Back to basics …. Learning to Fly

A little over 5 years ago, I was given the opportunity to learn a fascinating skill. It is a thing most young children and adults either dream of doing or at least think about doing when they grow up…. being a pilot.

Like any young child growing up, I always thought about becoming a pilot, but thought it as an impossibility. This wasn’t broken until the beginning of my second year at University where I discovered that a major recruitment pipeline for the Royal Air Force (University Air Squadron – UAS) recruited students as Voluntary Reservists for a minimum of 2 years or until their degree finished. Newly recruited Officer Cadets are not only given a paid job for 35 days a year, but also get free military flight, adventure and regimental training with all expenses paid (prior to UK SDSR). To this day, my biggest challenges, many of the dreams I have and had and many of the skills I still exercise today are thanks to the RAF.

At the end of my degree in 2010, I attempted to continue my career in the RAF by enrolling as full time pilot. However, with the strategic defence and security review (SDSR) in 2010 all military aviation careers had been frozen, which were not lifted until Q2 2014.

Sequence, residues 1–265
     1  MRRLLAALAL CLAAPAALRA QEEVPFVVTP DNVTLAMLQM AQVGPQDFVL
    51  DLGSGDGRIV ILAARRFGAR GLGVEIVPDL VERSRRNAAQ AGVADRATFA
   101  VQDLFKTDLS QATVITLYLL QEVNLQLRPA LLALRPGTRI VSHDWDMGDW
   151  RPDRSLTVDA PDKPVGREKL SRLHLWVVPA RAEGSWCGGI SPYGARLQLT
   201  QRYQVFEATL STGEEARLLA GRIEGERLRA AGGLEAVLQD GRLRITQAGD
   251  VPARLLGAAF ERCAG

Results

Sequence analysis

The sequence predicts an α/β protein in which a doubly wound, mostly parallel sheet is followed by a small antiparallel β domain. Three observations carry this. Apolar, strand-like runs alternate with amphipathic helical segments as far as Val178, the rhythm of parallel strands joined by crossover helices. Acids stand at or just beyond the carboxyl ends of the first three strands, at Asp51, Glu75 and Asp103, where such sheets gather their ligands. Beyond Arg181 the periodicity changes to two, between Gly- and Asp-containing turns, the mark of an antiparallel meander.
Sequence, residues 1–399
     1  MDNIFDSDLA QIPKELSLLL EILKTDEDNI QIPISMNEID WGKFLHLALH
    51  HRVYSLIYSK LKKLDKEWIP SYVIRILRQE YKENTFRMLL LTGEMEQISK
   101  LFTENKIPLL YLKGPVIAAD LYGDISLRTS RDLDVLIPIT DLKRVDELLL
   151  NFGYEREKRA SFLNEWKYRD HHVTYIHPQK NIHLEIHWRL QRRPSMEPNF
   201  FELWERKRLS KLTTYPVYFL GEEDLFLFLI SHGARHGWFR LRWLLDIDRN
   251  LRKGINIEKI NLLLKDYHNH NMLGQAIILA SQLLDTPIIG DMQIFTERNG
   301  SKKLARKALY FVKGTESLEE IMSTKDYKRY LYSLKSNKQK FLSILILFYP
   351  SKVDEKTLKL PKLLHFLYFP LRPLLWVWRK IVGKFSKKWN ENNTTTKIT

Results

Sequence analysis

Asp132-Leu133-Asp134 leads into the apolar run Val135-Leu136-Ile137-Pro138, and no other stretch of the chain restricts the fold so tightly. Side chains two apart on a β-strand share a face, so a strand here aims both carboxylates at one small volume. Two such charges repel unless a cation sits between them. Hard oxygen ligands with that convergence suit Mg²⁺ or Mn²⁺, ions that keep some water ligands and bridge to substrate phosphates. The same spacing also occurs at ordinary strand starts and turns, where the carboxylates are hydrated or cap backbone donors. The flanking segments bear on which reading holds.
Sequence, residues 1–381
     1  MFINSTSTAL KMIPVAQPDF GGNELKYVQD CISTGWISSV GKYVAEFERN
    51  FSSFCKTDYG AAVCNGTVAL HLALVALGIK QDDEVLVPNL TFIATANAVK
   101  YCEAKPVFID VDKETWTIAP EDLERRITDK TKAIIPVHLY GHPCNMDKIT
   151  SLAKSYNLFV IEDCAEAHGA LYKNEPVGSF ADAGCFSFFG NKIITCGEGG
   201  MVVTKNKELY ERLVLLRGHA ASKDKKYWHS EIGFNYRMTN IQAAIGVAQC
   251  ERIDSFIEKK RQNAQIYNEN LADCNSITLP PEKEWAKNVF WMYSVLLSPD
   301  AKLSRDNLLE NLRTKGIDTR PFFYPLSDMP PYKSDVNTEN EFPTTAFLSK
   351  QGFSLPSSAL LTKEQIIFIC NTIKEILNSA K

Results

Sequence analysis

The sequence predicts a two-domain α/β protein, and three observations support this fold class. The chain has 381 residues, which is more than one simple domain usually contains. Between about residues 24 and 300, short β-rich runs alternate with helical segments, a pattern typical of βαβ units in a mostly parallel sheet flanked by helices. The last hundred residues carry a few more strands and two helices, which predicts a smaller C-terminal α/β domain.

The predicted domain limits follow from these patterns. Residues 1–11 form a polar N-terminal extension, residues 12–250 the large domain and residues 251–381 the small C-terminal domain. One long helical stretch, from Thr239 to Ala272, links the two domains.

At the end of my degree, I had a military aviation career mapped out, which came to an abrupt end with the freeze. I had 28 (3.5 solo) hours flight time logged in my military log book, and had to reassess my options to continue my passion of flying.

My research into civilian flight training gave me many options, albeit for one small hitch, civilian flight training is exceptionally expensive (£60-100k+). With no family in a situation to support me financially and next to no cadetship schemes that offer a true scholarship with a guaranteed job at the end of it to become a type rated second or first officer these options dwindled to one conclusion, I’d have to pay for my training if I wanted to continue to fly.

After waiting on the military recruitment freeze to lift, with little change, I decided to leave the military behind and began a successful career in Cyber Security in late 2012 which has allowed me to begin flying (PPL – Private Pilots License) in March 2014 on a weekend basis. Reflection over the past year has led me to write about my experiences in aviation thus far with an emphasis on sharing my experiences in civilian flight training and writing on what I have learned, theory and practical.

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